2010: The War of IT has Begun; Cisco delivers blow to HP

In school, we are taught important dates or periods within history.  I’ll never forget a history professor asking, “who fired the first shot?” in the American Revolution or detailing the sinking of the Lusitania by the Germans.   Within the history of high technology, yesterday’s announcement by Keith Goodwin, Vice President Cisco’s Worldwide Partner Organization, is such a date.  With one statement, Cisco changed the IT landscape as they ended a lucrative and important relationship with HP by failing to renew HP’s System Integrator Contract that strips HP of being a Cisco Certified Partner and Reseller.

Effectively, HP is now on the outside looking-in at Cisco’s Empire.  HP loses access to Cisco’s proprietary information including product roadmaps and reseller initiatives.  Additionally, Cisco no longer offers HP “protection” as they begin to untangle their complicated business relationships including software and hardware sales.  While HP may believe they are prepared for this action, competing against Cisco head-to-head is very different from maintaining a competition/cooperation arrangement; yet HP is very different from past competitors.

With HP’s size and market power, are we poised to answer the question, “What would happen if an unstoppable force strikes an immoveable object?”  HP has amassed a powerful software and hardware portfolio via acquisition and partnerships.  Also, HP has something Cisco needs, a large, growing, and competent services division (EDS).

Of course, Cisco counter’s EDS with their relationship with IBM but how long will that last?  After-all, IBM is in a similar position as HP with one intriguing difference; IBM is not a network equipment manufacturer (yet).  Can Chambers convince Palmisano to maintain the status quo?  Or do they look beyond partnerships to acquire Juniper, Brocade, or perhaps ZTE to fill their product holes.  Would Palmisano stand for Cisco acquiring a services company?  Or, would that be the final straw that opens a new flank in the war against Cisco.  What would happen if Cisco purchased Liquid Computing or the new SGI?

Finally, let’s not forget Larry Ellison and Michael Dell.  Oracle didn’t just spend billions of dollars on SUN to sit on the sidelines.  Oracle now sports an impressive list of hardware and software assets especially in the realms of file systems and virtualization.  Meanwhile, Dell has opened up their pocketbook and has entered into the services business while radically expanding their relationship with Juniper.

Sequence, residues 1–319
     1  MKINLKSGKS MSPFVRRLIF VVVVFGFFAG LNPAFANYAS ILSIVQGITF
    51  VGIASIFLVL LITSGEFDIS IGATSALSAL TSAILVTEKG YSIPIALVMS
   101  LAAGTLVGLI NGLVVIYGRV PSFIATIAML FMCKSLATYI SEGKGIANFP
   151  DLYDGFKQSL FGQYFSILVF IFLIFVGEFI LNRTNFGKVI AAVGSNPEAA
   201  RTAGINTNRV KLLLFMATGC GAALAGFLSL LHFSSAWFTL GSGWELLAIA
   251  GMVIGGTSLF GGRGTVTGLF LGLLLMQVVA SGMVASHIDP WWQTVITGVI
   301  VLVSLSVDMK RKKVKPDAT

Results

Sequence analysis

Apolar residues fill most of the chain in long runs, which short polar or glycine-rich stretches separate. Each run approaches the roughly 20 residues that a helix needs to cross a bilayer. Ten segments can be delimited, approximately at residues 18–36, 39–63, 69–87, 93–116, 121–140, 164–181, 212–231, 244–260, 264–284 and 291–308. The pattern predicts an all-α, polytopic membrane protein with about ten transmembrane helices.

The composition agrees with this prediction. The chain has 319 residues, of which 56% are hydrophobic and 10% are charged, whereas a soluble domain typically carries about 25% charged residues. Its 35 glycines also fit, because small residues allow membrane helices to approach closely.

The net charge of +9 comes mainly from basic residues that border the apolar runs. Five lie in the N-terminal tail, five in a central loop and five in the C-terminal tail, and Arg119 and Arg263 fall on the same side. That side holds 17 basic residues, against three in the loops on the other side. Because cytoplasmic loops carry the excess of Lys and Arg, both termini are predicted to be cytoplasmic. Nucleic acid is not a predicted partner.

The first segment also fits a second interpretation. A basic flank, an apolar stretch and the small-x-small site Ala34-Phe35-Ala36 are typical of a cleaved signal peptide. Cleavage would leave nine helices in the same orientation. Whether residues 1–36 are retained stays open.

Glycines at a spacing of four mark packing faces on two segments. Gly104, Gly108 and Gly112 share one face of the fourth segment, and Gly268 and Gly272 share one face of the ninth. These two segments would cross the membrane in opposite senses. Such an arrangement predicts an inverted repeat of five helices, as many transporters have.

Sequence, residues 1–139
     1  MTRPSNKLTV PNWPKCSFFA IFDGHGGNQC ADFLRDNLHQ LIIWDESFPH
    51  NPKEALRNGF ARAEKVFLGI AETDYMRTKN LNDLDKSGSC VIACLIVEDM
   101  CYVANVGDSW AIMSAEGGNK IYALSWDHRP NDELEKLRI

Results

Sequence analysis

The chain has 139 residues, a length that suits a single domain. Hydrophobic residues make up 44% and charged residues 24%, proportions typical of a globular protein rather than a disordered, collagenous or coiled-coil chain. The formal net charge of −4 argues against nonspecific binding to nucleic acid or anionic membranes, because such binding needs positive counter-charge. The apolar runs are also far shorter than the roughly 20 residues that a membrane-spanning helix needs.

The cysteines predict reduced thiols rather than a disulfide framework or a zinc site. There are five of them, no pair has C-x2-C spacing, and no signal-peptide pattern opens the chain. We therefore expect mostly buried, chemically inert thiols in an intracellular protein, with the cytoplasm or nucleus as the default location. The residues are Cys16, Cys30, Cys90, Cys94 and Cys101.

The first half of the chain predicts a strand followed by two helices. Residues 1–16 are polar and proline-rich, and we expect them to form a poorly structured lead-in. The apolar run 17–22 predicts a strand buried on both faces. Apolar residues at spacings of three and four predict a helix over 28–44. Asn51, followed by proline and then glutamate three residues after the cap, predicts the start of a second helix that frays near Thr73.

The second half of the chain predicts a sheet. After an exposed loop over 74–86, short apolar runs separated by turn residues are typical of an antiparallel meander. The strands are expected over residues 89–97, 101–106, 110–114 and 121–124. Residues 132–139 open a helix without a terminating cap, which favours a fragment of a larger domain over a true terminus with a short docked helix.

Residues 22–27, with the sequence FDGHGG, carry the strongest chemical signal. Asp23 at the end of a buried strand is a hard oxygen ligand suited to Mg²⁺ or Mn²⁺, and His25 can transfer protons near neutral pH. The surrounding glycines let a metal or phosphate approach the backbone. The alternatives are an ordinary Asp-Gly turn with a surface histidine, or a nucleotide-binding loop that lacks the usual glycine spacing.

Look for three things to happen:

  1. Heightened M&A Activity (large and small)
  2. Heightened Partnership Activity and Alliances
  3. The rise of an unexpected and/or new competitor

We are watching history in the making as its; Chambers vs. Hurd vs. Palmisano vs. Ellison vs. Dell vs. Klayko vs. Jonhson vs. ?

2010: The War of IT

Rackable a Takeover Target?

Rackable quietly purchased SGI from bankruptcy court for a mere $42.5 million. It’s a sad end for SGI, a once great computing pioneer that missed the x86 and Window’s revolution. For Rackable, this gives them access to SGI’s high performance computing products and research and development in the areas of power, cooling, visualization, and storage.

While Rackable is known for their servers and storage portfolio, they have entered the world of green datacenters with their Eco-Logical chassis. As the datacenter market is rapidly changing, the competitive walls are surely closing-in on Rackable. After-all, who would expect Rackable to survive a battle against Oracle, Cisco, HP, and IBM? At least that’s what the big boys want you to think.

Rackable’s portfolio compares quite favorably to the others in the marketplace; albeit without the marketing and services flash of their larger rivals. Additionally, Rackable has some unique products with their CloudRack and CloudRack C2 product lines achieving remarkable density and power/cooling ratios. Heck, Rackable even overs a data center in a container (ICE Cube).

It seems to me with all these goodies, Rackable is a legitimate takeover target. As of this posting, their market cap is around $161 Million. That’s a far cry from the billions Oracle Spent on Sun or Dell’s current $23 Billion valuation. If Brocade, Juniper, Siemens (Extreme Networks), Adtran, Turin, or more wanted into the “unified computing” space, then why not Rackable? Or, does private equity / venture capitalist firms show some vision and combine the assets of several companies together to create a viable challenger to Cisco, HP, and IBM?

M&A speculation is always a fascinating discussion, but for now I’ll say goodbye to a once great visionary company (SGI) while tipping the cap to Rackable for taking advantage of the current economic state of affairs.